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Omaha City council approves budget with some tweaks

Posted at 10:19 PM, Aug 27, 2019
and last updated 2019-08-27 23:19:11-04

OMAHA, Neb. (KMTV) — Omaha's city council largely approved the $1.1 billion budget today. Council members approved giving slight increases to police, fire and roads.

But they did add an additional $200,000, without raising taxes.

The city has a budget for next year. But the city council added in a few things, Mayor Jean Stothert did not.

One of those being two additional housing inspectors, as the city ramps up its revived inspection program. The city currently has nine, the mayor wanted 10, the council voted to budget for 11.

"When we look at our history here on housing inspectors going back to 2013, we had 12 appropriated, and that was six years ago and this year we'd only have 11 appropriated if this is even approved so to me the city's growth alone would justify the addition of this position,” says Council-member Pete Festersen.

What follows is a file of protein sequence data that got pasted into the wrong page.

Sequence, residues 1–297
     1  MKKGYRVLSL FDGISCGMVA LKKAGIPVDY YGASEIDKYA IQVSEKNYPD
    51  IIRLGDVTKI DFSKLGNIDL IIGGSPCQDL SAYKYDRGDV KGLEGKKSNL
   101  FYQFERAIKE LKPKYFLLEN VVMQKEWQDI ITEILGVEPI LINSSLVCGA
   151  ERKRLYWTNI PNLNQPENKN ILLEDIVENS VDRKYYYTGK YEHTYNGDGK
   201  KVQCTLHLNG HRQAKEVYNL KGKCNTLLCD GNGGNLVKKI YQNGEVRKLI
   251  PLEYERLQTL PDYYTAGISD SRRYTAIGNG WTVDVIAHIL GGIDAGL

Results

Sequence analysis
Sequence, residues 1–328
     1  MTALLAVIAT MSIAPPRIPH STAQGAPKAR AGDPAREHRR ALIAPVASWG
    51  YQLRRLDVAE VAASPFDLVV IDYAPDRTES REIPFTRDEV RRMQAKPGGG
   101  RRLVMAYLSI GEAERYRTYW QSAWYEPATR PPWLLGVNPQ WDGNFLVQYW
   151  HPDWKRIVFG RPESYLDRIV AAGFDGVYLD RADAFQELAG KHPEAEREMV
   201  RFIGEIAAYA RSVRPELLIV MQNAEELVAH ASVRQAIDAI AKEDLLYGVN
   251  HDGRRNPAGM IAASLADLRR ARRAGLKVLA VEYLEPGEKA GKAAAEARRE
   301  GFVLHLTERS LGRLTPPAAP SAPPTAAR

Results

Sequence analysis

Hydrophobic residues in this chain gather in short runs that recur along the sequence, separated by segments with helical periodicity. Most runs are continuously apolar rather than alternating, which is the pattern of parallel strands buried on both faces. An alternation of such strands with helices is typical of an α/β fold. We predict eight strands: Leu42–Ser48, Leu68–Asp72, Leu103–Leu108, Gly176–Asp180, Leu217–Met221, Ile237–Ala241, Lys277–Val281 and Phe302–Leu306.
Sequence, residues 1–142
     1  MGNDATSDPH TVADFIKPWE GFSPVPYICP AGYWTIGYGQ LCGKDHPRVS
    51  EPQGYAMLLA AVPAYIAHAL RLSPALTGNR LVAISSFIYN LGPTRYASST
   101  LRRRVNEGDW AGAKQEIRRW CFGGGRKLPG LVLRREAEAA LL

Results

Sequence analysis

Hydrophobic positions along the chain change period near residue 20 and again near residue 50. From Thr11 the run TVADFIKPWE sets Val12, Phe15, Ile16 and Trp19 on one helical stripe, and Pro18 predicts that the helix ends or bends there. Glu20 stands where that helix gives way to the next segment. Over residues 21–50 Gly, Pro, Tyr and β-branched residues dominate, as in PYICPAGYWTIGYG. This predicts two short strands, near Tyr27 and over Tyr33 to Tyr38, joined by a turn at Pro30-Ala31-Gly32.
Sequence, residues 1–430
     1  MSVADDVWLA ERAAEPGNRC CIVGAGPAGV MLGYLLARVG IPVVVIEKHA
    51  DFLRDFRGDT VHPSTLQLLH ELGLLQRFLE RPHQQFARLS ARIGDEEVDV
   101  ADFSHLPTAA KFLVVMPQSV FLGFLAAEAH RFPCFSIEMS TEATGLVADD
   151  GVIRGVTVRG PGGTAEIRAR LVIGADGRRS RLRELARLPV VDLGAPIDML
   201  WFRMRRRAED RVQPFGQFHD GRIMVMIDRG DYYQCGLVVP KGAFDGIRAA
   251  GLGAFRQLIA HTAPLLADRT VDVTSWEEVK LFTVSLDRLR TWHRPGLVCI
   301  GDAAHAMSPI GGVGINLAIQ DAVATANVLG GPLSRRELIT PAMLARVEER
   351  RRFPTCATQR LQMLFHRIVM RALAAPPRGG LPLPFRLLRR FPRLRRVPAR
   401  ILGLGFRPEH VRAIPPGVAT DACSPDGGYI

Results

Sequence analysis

After the meeting the mayor said they may not hire the 11th inspector in 2020.

"We're not just going to hire it cause it sounds good, we're going to hire it cause we need it."

The only budget amendment to get a split vote was $63,000 funding for a youth job training program. The program would push kids toward careers in trade labor jobs like electricians, carpenters and plumbers.

"Not all the kids are going to go to college, that's just the facts, and not all of them are going to go in the military, so let's get them on a path to improve their quality of life,” says council-member Vinny Palermo.

It passed, with nay votes from councilmembers Harding and Melton, plus Mayor Stothert says the group, Nebraska Center for Workforce Development would have to apply using the normal grant process before getting any city money.

"That is a brand new program, I don't think they have any history whatsoever, with the program, it's based out of the fire union hall, I saw what their plan is, and their plan is basically six half-hour meetings,” says Stothert.

All the extra money approved Tuesday came from a special contingency fund, and didn't affect the rest of the budget.

The city council voted to continue to fund the PACE program, a police led athletic league that gets kids involved in sports who otherwise might not be able to afford them. The city will give the program $60,000 in 2020.